My five-year-old could paint that!: Murakami Takashi Edition

Posted By Horizon Staff November 13th, 2012 in Arts & Entertainment : 1 COMMENTS

Austin Danson

Staff Writer

This week we wind down our discussion of the bad boys of the contemporary art scene, as it were. Hirst, Koons, Murakami, the artists who shamelessly employ the help of assistants to churn work out of factories and sell it for enormous sums of money. Say what you want about their ethics, the pieces are fantastic and the artists themselves are incredibly well off. As Andy Warhol used to say, “Good business is the best art.” If this quote rings true, then Takashi Murakimi is an undeniably brilliant artist—Let’s take a look:

Quick Facts
Name: 村上 隆 (Murakami Takashi)

Nationality: Japanese
Home Town: Tokyo, Japan

Age: 50


Born on February 1, 1962 in Tokyo Japan, Muramaki grew up immersed in the worlds of anime and manga. He enrolled in the Tokyo University of the Arts intending to study draftsmanship and then work in the anime world, but graduated instead with a degree in traditionally Japanese art or, Nihonga. Although he eventually found himself rather disillusioned by the rather political attitude surrounding the field, Murakami would go on to earn a PhD in Nihonga.

Deeply discontent with the incessantly west-looking attitude to modern art in Japan, Murakami began to develop a style of modern art which would both be entirely modern, and yet informed mostly by Japanese ideas and culture.

Murakami launched his Hiropon Factory (named after his anime character of a nearly nude female with massive lactating breasts) in 1996, and since has gone to work on larger and larger scale pieces in an increasingly diversified manner- combining elements of anime and manga with sculpture, Japanese print making, painting, clothing, and pieces which mix two or more of these media together.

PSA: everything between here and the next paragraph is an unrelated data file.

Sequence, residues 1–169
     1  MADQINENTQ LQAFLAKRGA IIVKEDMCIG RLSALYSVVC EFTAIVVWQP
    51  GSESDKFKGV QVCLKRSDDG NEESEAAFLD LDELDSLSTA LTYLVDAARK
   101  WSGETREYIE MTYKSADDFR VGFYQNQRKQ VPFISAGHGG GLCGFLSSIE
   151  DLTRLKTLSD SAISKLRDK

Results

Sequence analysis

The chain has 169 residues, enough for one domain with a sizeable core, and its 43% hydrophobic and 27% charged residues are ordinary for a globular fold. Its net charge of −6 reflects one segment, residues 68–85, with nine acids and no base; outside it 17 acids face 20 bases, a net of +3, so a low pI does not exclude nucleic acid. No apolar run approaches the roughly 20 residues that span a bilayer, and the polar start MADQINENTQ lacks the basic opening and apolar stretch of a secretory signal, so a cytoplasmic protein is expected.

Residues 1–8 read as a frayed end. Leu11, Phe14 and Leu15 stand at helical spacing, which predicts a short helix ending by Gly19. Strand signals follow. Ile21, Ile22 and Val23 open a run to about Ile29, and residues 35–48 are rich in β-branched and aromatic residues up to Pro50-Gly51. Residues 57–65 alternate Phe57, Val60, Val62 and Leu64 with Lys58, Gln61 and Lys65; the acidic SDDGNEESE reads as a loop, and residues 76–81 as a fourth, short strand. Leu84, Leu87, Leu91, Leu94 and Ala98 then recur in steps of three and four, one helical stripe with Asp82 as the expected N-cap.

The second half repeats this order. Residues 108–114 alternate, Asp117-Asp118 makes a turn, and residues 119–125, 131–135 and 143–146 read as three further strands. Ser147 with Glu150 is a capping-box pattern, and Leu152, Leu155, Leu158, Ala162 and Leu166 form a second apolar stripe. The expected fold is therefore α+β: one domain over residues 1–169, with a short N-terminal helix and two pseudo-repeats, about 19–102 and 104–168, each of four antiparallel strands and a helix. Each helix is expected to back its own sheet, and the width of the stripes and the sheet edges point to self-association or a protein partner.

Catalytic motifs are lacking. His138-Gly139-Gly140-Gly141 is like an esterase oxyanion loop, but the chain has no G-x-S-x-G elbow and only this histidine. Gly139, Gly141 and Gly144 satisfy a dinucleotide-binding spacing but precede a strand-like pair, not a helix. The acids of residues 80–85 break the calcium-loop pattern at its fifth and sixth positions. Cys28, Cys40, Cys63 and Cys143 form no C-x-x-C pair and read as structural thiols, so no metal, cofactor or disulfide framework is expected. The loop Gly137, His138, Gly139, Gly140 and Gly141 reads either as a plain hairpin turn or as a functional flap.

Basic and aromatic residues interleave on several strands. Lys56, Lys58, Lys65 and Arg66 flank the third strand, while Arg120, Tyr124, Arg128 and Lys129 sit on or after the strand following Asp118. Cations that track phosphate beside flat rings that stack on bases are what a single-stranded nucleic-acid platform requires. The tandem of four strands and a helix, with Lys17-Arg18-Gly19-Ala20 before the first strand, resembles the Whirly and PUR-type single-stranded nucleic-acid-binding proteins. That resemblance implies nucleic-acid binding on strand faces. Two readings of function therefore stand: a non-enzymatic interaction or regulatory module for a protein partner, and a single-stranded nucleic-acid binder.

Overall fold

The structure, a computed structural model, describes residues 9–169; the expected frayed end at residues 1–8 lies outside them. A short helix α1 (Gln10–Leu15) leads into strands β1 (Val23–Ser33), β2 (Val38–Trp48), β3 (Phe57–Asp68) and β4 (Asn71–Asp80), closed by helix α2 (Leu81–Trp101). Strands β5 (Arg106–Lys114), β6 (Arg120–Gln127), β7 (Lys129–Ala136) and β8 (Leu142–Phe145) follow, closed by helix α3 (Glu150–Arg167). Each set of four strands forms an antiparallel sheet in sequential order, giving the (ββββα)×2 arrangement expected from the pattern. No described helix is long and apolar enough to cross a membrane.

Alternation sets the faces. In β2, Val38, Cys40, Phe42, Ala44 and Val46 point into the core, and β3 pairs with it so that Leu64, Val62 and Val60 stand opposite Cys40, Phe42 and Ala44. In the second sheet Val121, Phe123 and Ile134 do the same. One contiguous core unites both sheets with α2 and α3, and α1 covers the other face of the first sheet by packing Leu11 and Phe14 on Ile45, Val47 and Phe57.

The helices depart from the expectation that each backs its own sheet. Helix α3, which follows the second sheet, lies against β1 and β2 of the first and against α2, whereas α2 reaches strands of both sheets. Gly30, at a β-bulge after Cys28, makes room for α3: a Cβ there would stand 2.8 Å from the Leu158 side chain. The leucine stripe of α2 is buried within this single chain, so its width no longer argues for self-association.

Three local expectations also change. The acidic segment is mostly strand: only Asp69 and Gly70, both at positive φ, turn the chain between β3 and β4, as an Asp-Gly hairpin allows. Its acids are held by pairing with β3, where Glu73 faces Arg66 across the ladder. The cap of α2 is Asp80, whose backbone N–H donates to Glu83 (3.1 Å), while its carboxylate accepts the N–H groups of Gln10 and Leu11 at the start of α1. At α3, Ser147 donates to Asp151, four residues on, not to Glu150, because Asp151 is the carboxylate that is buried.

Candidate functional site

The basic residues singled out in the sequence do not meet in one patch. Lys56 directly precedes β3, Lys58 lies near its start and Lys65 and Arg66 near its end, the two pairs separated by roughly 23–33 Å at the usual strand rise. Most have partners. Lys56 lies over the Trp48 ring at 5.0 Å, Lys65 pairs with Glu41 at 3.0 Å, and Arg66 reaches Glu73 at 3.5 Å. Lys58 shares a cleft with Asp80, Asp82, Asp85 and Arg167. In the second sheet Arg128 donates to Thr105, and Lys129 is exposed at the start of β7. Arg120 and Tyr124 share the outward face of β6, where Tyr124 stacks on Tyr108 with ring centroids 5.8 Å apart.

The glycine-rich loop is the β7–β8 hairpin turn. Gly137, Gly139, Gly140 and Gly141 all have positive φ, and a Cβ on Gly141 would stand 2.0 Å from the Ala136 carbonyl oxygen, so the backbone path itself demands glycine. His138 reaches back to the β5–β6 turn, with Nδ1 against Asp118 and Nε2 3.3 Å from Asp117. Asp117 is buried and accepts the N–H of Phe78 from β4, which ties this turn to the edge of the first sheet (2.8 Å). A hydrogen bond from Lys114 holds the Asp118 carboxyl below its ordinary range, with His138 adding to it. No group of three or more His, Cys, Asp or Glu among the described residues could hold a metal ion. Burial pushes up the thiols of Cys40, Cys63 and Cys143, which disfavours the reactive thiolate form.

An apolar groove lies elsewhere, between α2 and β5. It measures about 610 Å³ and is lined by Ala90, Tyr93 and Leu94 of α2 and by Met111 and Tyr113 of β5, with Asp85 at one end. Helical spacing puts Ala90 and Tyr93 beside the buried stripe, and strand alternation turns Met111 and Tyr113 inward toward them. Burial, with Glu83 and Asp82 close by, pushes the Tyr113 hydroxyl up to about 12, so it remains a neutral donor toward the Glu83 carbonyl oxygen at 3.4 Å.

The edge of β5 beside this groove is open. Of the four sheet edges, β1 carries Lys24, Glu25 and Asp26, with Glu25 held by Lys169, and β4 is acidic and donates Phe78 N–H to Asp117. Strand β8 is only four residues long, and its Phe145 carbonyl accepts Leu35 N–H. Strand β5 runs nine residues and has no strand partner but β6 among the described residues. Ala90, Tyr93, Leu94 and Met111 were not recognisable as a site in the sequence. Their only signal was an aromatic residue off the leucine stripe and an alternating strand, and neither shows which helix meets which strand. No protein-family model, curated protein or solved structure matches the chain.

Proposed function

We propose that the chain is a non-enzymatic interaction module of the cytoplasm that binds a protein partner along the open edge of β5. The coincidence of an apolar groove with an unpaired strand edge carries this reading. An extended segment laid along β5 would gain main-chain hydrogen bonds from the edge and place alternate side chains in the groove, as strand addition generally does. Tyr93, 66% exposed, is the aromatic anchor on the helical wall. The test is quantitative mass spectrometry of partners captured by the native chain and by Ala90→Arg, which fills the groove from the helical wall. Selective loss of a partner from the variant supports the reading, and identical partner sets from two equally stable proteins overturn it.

Work and Criticism:

Murakami is perhaps best known for working in a style which he both created and published the theory of in a catalogue for a group exhibition for the Museum of Contemporary Art in Los Angeles. This style is known as “Superflat.” In essence, Superflat’s goal is to take ideas and techniques from the ubiquitously 2-D nature of Japanese art and repurpose them to flatten all ideas of art- high, low, eastern, western, etc. For example, Murakami will often create a multi million-dollar painting using his mouse-like character “Mr. DOB”, and then go on to print a sixty dollar shirt with the same subject matter.

High art pundits love to hate this type of kitschy remarketing, but Murakami’s success sort of makes their critics irrelevant. Though people who negatively comment on Murakami’s work believe they are holding onto values of “pure” art, their ideas are quickly becoming a thing of the past. Blurring the lines of kitsch and fine art, and moving fine art away from its somewhat grandiose, “higher than thou,” pedestal may in fact become how the art world works in the future. Murakami, Koons, and Hirst all display elements of this high and low art flattening, and regardless of what they call it, their work is undoubtedly flattening the art market and world.



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